Tamke-Allan Observatory at Roane State Community College continues its Summer Public Stargazing with an examination of light and light pollution on Saturday, August 3.
The gates open at 7:30 p.m. Saturday, and a public lecture will be presented at 8 p.m. by guest lecturer and retired clinical researcher Linda Fippin.
“For the vast majority of human history, nighttime lighting was limited to the hearth fire,” a press release said. “As villages, towns, and eventually cities developed, lighting was still limited to oil lamps and candles. Gas lighting was not invented until the late 18th century, and electric street lights have only been in use for about 140 years. Nighttime lighting has many benefits, but excessive and inappropriate use has led to light pollution, which not only has negative effects on people, quality of life, and the natural environment, but also wastes energy resources. This talk will cover a brief history of nighttime lighting, the effects of light pollution, and what can be done to lessen them.”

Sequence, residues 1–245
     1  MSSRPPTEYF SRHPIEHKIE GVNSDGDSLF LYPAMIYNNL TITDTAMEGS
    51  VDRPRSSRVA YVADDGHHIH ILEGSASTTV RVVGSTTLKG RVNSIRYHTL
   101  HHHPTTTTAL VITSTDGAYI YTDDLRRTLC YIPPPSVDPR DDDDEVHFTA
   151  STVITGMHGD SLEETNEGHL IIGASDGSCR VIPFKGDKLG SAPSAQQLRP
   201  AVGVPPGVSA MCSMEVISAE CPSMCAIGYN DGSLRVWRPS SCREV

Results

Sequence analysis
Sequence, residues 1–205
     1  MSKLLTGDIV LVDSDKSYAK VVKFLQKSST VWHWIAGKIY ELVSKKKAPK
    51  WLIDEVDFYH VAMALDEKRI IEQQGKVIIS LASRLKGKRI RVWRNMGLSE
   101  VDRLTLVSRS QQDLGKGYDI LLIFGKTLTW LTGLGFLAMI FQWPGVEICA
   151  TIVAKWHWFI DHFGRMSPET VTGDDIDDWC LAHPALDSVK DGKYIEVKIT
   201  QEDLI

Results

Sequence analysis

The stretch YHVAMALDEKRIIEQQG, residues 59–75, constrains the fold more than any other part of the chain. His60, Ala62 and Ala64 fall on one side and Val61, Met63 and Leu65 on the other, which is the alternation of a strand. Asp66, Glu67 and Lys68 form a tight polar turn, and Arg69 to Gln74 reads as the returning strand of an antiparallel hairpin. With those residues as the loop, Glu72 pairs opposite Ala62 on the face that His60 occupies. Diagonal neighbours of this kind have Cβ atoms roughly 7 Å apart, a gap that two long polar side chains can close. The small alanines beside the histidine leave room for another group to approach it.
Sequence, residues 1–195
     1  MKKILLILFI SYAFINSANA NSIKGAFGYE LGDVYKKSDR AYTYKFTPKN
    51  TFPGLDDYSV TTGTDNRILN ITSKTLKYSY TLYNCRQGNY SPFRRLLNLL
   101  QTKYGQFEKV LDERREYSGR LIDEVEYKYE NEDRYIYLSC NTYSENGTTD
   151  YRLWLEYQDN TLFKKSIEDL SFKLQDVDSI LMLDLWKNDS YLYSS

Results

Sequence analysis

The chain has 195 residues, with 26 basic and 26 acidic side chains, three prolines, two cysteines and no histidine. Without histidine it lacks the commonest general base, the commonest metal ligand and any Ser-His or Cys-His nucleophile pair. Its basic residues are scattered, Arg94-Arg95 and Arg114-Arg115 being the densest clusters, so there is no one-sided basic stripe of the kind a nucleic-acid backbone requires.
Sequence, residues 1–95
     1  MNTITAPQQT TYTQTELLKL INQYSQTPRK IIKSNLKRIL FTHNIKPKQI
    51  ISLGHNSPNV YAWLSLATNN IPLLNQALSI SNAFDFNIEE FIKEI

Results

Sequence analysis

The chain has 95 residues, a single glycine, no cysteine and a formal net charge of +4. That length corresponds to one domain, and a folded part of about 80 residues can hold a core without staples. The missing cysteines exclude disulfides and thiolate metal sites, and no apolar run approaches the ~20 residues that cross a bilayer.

An evening of stargazing will be featured after the lecture, where participants will see constellations and the Milky Way, dark sky objects, Jupiter and its moons, ringed Saturn, and a very dark waxing crescent moon with beautiful craters, the press release said. The stargazes are supported by local astronomers and students.
The observatory is located near Rockwood, Tennessee, uphill from the intersection of Caney Creek and Joiner Hollow Road; see the map at www.roanestate.edu/obs. The gates open at 7:30 p.m. on the first and third Saturday of each month.
Fall astronomy classes begin at Roane State on August 26. Registration is now open for the popular class, which meets at the Oak Ridge Campus and at the observatory, the press release said. Classes are capped at 20 students.
More information will be added as it becomes available.
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